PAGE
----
The number one problem in Beijing is reestablishing the Communist Party’s unity after the purges, not the ex-colony. But, if political unity is not found, violent repression of the protests could result.
The most cynical people already know how the protests will end: they will dissolve, victims of forces stronger than them: fatigue, repression, and isolation. In the end, order will be reestablished and Hong Kong will go back to sliding into China’s grasp. “The factories will reopen, they’ll arrest some students,” sang Fabrizio De André. In any case, the demonstrators are not leaving. They’re braving the rain and tear gas.
They’re withstanding threats, and they don’t believe in blandishments. They even asked the local government to resign. They demonstrated an unexpected idealistic tension, tied to an acute realism. They know they can’t strike China, and they’re aiming at its guardian, Governor Leung Chunying (called “C.Y.”). It will be difficult for Hong Kong to persist in chaos; it found its raison d’etre and prosperity in the rule of law, its exposition abroad, and the regularity of its business.
The most open analysts, intellectually curious, and networks specializing in breaking news hope that the protests will continue. The administration of Hong Kong is also their goal, and they hope the protestors’ umbrellas defeat it. They think that a negotiated solution might be possible and, therefore, that the students, Occupy Central, and the Catholic religious authorities be not only agreements but also represent the majority of the population. They think that in the end Beijing will have to come to terms and save the ex-colony’s diversity, that China cannot intervene because it can’t afford a repeat of Tian An Men while the world is watching. These assessments are nobler, but they probably confuse dreams with reality.
One has to look at Beijing to understand what will happen in Hong Kong. It’s unlikely that China will kill the goose that lays the golden eggs. The city is still a first-rate financial center, a destination for tens of thousands of tourists, and a target for the Mainland’s investments and IPOs. It’s useful, realistically accepted, and in the process of being duplicated in other Chinese cities along the coast. In 1997, when its colonial period came to an end, Hong Kong was worth 16% of China’s GDP, but today it has fallen to 3%. For the protestors, the stakes are maintaining Hong Kong’s diversity, but for China it’s progressively trivializing the province. Therefore, they’re living in an unbalanced relationship: they put up with each other, but they surely don’t love each other, also for cultural reasons. Hongkongers see the Mainland Chinese as “locusts” that ransack their grocery stores and don’t respect their civil laws; according to the Mainlanders, the residents of the special administrative region are “servants of imperial Britain.”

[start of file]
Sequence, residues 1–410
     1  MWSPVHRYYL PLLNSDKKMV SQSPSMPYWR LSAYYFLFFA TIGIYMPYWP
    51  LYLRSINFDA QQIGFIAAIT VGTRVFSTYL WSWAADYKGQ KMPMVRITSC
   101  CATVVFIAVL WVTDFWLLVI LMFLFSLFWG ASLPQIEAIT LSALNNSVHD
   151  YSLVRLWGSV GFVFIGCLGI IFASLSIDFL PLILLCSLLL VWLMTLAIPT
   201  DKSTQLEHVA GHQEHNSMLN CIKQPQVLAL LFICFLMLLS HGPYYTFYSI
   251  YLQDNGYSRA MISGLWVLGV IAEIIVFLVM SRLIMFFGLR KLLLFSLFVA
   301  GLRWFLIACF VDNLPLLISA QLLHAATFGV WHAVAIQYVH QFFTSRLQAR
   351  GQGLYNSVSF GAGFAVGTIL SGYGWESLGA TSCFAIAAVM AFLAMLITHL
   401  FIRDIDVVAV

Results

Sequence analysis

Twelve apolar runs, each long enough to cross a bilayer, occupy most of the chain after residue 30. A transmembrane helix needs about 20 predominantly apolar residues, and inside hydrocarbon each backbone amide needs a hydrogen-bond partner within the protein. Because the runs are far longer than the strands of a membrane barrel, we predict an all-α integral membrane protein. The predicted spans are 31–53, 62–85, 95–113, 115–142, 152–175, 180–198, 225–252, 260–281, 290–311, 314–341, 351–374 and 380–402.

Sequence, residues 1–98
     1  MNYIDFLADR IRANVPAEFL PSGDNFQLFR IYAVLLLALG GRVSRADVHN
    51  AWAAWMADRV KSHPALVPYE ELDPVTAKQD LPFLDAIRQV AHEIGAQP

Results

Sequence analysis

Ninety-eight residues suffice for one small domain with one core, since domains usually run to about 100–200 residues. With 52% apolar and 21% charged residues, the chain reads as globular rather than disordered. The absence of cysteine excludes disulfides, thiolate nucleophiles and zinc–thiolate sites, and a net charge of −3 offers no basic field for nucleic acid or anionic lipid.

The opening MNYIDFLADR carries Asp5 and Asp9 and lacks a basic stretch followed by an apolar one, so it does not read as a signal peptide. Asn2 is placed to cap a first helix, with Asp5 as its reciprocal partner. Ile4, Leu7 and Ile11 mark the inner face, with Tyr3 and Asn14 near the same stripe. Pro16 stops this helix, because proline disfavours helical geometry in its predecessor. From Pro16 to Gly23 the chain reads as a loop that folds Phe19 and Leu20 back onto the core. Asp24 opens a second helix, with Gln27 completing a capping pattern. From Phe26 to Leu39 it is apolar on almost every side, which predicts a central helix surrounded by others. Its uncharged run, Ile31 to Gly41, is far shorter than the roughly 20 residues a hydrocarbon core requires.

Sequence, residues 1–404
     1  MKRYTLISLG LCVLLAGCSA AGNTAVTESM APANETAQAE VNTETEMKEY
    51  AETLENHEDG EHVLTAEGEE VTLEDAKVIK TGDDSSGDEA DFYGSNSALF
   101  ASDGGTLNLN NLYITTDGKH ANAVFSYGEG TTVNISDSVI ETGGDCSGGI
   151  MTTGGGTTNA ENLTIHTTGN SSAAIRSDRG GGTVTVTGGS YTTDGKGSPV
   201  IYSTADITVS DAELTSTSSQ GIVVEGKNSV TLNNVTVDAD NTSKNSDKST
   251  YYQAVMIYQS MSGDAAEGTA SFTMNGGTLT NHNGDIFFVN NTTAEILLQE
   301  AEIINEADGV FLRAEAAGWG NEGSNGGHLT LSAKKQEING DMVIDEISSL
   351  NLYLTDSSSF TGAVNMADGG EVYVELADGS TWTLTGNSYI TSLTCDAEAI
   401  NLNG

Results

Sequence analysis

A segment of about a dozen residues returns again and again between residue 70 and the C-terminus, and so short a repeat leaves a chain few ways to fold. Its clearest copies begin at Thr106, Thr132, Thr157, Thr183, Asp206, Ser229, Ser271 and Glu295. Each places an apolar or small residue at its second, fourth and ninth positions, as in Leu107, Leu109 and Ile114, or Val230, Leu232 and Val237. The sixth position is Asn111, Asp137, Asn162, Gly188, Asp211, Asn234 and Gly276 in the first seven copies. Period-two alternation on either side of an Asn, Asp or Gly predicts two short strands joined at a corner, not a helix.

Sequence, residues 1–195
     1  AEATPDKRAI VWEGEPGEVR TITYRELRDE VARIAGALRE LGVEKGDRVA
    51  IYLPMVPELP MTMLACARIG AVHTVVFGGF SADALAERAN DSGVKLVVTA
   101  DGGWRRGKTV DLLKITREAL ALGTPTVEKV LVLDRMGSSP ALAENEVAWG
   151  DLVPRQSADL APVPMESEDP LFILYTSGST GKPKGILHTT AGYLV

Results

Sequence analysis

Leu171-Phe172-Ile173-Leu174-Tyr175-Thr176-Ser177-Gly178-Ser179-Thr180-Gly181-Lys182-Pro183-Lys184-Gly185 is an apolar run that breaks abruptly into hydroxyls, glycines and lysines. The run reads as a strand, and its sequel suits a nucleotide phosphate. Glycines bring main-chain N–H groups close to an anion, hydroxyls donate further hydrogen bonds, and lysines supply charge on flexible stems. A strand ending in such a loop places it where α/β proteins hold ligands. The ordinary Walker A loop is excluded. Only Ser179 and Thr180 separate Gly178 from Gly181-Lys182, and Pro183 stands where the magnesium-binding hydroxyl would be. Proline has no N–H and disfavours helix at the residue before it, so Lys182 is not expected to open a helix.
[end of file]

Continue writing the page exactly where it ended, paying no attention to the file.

What will Beijing do? Most likely, it will let C.Y. Leung disentangle the situation. This is also his job. The question of Hong Kong cannot be handled by the central government because it’s not a matter of national interest. Democracy is not in discussion, only public order. If this were not the case, if the local police was insufficient to repress the protests, completely new scenarios would unfold leading to unpredictable outcomes. Hong Kong cannot and should not become a political case. During the national holiday on October 1st, Secretary Xi Jinping imposed unity among the communist party. In other times, it would have been the prelude to tanks. Now, it serves to hold the line after huge anti-corruption purges.
China needs a stong leader that knows how to demonstrate unified leadership and how to resolve problems. If his authority grows, he will tend toward neglecting Hong Kong. The strong he is, the better he will proceed to modernization. Instead, if he proves weak, he will need to flex his muscles. In that case, Hong Kong will return to being an example and the military will be asked to move the heavy machinery.